I’ve posted Entry #36 to my weekly Valuation-Informed Indexing column at the Value Walk site. It’s called Micro Efficiency Is Real, Macro Efficiency Is a Mirage.
Juicy Excerpt: The entire historical record argues against market efficiency. The case is so strong that it is difficult to imagine what it is that the millions who believe in market efficiency (this group includes many people with a strong knowledge of the literature discrediting the efficiency concept) are thinking.
The best explanation of this confounding reality that I have read is the one put forward in a research paper published in 2006 by Jeeman Jung and Robert Shiller. The paper is titled “Samuelson’s Dictum and the Stock Market.” Jung and Shiller state: “The faith that has in the past been expressed for the simple efficient markets model for the aggregate stock market is the result of a faulty extrapolation to the aggregate of a model that did indeed have some value for individual firms.”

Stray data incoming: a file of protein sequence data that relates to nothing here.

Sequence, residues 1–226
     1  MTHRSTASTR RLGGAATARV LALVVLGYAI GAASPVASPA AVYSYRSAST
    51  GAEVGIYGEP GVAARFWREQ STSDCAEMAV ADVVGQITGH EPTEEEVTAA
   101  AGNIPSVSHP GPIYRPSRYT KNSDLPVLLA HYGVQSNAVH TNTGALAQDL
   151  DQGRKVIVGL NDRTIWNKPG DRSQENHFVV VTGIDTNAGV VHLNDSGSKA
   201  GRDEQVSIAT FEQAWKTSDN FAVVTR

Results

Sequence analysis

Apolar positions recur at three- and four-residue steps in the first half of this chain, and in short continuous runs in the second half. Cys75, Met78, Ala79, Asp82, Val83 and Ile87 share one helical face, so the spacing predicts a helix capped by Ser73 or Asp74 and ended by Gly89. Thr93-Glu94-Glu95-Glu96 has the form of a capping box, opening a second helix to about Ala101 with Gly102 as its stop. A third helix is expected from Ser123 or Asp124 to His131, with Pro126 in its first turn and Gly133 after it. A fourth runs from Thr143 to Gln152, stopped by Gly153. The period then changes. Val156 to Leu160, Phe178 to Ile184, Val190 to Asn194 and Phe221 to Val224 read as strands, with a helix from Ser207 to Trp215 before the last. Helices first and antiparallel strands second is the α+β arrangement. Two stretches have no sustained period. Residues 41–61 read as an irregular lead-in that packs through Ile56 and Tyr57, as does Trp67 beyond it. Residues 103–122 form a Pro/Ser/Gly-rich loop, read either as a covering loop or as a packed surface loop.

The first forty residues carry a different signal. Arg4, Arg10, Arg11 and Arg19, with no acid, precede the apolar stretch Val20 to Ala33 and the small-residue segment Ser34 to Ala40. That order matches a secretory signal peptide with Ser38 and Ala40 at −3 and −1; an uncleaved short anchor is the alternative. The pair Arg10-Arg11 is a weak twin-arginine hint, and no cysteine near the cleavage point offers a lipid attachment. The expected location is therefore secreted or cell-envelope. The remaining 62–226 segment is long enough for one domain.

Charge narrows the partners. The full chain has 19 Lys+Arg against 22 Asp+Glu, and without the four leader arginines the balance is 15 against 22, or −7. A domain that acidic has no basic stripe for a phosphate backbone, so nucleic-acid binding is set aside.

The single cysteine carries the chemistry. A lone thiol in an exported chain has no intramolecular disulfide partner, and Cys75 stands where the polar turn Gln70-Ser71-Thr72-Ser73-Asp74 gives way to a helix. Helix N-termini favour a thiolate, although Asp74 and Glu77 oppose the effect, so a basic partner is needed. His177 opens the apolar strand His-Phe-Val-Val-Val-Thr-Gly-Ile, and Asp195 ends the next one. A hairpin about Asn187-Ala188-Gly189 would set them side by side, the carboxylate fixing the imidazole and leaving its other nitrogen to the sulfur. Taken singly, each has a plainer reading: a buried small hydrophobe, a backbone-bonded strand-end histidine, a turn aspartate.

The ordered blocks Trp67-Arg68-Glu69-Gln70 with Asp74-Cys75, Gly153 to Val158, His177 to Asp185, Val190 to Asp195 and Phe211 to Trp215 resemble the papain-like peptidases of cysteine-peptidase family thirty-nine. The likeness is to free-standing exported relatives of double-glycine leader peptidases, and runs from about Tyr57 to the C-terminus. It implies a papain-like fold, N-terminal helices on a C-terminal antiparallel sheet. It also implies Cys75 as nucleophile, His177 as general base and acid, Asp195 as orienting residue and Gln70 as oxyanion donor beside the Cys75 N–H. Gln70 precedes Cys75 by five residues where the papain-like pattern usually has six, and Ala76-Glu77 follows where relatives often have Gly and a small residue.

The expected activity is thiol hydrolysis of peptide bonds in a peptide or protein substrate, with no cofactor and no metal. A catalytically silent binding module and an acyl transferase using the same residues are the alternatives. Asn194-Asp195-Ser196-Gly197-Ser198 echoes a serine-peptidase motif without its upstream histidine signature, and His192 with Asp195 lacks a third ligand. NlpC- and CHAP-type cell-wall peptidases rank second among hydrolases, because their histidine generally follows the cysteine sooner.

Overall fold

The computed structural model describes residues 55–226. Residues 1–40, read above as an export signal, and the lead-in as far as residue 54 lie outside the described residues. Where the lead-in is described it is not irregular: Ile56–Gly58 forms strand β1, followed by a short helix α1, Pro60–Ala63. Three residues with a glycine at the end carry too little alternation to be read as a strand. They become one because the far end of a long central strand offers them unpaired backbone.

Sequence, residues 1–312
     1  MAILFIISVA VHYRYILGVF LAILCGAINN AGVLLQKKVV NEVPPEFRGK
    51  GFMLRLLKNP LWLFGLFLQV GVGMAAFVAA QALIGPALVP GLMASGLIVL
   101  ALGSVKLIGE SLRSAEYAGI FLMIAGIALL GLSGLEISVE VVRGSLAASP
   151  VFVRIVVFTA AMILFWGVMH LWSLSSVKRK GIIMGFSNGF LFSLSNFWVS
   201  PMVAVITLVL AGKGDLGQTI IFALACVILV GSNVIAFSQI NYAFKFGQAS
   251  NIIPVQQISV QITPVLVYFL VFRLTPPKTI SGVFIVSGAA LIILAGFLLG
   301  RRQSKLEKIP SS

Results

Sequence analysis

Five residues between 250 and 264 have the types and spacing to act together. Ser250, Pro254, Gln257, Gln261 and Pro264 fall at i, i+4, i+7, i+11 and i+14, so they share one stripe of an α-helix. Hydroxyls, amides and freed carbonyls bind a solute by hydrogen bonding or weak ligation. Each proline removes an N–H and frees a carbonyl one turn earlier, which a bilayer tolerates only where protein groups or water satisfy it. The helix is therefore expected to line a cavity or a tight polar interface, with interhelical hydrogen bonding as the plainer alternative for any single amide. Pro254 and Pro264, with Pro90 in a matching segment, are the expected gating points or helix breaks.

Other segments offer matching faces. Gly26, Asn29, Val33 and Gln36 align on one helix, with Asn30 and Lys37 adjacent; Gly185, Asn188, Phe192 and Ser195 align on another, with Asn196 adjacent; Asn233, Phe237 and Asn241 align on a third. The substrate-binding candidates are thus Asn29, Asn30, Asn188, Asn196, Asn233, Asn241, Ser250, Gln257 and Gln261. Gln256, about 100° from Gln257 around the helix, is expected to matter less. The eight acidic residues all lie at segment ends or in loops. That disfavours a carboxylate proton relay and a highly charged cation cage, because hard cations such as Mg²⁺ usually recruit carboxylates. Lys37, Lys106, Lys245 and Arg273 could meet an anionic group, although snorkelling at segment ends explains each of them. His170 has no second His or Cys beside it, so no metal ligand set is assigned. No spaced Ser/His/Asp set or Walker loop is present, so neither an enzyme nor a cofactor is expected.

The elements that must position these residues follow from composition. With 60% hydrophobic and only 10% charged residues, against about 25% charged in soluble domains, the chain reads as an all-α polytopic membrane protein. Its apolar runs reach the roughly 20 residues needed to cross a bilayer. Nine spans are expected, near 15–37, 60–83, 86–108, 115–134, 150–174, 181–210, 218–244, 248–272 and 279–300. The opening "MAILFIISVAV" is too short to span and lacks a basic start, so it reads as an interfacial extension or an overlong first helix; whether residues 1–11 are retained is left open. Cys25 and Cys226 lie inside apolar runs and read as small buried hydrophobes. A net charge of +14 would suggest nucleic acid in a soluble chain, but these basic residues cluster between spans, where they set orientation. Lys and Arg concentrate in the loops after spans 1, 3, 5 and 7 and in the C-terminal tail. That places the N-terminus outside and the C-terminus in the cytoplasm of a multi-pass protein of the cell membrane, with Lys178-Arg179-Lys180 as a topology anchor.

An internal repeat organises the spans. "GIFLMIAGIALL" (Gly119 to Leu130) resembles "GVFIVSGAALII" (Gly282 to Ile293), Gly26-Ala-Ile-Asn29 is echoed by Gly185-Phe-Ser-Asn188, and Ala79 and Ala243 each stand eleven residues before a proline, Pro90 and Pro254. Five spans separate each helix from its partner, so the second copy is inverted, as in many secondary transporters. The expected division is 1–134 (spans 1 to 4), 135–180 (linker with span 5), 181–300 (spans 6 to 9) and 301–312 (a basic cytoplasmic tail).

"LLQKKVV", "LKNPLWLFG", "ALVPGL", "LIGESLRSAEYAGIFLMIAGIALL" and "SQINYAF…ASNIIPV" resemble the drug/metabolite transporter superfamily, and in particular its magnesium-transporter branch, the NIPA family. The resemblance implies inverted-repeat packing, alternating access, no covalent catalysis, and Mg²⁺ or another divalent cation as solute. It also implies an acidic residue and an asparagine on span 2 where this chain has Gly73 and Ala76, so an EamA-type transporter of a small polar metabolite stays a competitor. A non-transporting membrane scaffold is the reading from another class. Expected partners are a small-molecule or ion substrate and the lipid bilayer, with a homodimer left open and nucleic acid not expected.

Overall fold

That sounds right to me. Index funds were not available in the days when the Efficient Market Theory was being developed. The researchers responsible for the theory were not testing for macro efficiency (proper pricing of the market as a whole) because no one was interested at the time in knowing when the market as a whole offered a good buy. They were interested in learning whether individual stocks were priced properly relative to one another (micro efficiency). The paper notes that, while there is zero evidence for macro efficiency (the aspect of the theory that led to the insane bull market and the economic crisis that followed from it), there is indeed a good bit of evidence supporting claims of micro efficiency.